Sudan’s pro-democracy movement and the ruling military council on Wednesday signed a document that outlines a power-sharing deal, but the two sides are still at work on a more contentious constitutional agreement that would specify the division of powers.
The signing ceremony held in the capital, Khartoum, after marathon overnight talks marked an important step in the transition to civilian rule after the military overthrew long-ruling autocrat Omar Hassan Ahmed Bashir amid mass protests in April.
But the military appears to have the upper hand after weeks of negotiations and a deadly crackdown last month in which security forces violently dispersed the protesters’ main sit-in.
The document signed Wednesday would establish a civilian-military sovereign council that would rule Sudan for a little over three years while elections are organized. A military leader will head the 11-member council for the first 21 months, followed by a civilian leader for the next 18.
It was a significant concession by the protesters, who had demanded an immediate transition to civilian rule. The pro-democracy movement would appoint a Cabinet, and the two sides would agree on a legislative body within three months of the start of the transition.
But negotiators have yet to agree on a division of powers among the sovereign council, the Cabinet and the legislative body, which would be enshrined in the constitutional document. That document, which they hope to adopt in talks scheduled for Friday, would also set the terms of military leaders’ potential immunity from prosecution.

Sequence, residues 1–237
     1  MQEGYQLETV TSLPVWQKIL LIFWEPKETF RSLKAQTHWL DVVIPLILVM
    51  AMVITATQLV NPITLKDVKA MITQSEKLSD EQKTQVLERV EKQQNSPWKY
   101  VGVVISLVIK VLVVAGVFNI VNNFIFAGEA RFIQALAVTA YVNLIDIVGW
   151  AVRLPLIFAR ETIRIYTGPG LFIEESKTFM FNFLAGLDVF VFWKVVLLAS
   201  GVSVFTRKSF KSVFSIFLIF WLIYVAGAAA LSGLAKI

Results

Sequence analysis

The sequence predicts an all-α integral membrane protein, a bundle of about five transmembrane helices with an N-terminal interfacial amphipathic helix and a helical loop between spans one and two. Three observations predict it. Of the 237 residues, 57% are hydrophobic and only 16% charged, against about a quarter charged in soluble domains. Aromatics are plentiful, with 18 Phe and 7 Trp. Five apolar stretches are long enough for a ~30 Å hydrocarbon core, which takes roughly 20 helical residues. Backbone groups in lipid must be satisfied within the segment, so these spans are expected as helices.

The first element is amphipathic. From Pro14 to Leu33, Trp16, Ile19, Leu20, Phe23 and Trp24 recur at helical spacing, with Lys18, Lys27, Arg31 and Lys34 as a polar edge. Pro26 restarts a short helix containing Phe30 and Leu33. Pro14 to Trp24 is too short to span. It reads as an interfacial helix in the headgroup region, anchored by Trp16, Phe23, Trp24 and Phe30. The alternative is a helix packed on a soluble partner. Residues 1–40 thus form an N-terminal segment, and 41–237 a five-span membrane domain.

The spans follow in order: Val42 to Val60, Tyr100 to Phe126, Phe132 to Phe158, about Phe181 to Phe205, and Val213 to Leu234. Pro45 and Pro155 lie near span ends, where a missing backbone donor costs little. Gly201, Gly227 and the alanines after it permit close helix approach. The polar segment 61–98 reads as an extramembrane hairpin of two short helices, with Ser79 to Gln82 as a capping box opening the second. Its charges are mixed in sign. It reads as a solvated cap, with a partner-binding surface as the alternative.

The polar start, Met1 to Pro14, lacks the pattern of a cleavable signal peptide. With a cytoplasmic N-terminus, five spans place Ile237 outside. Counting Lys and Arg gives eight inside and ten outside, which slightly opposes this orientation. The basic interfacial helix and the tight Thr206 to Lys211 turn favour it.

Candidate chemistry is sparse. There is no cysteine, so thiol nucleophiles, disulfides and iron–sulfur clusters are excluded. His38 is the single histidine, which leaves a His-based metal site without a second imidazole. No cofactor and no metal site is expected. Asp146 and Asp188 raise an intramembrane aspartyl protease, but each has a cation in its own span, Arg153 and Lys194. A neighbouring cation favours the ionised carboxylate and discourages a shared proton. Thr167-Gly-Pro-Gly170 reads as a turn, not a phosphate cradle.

“This is the big hurdle. Sudan’s future after al-Bashir will be defined by this constitutional declaration,” said Rasha Awad, editor of the online newspaper Altaghyeer.
The military has said the sovereign council should be able to veto appointments to the Cabinet and Cabinet decisions, something the protesters fear would deprive it of any real power. The protesters have also said that members of the council should be stripped of immunity if they are implicated in last month’s crackdown.
The Communist Party said it and some other factions rejected the deal signed Wednesday because it didn’t include the immediate handover of power to civilians and did not provide for an international investigation of the violence.
Protest organizers say security forces killed at least 128 people during last month’s crackdown. Authorities put the death toll at 61, including three members of the security forces. The two sides have agreed on a Sudanese investigation into the violence, but have yet to outline its scope.
Hundreds of people took to the streets of Khartoum on Wednesday, mostly to celebrate the deal.
The agreement stemmed from a meeting last month brokered by the U.S. and Britain, which support the protesters, and Egypt, Saudi Arabia and the United Arab Emirates, which back the military . The diplomatic push ended weeks of stalemate that had raised fears of further violence or even civil war.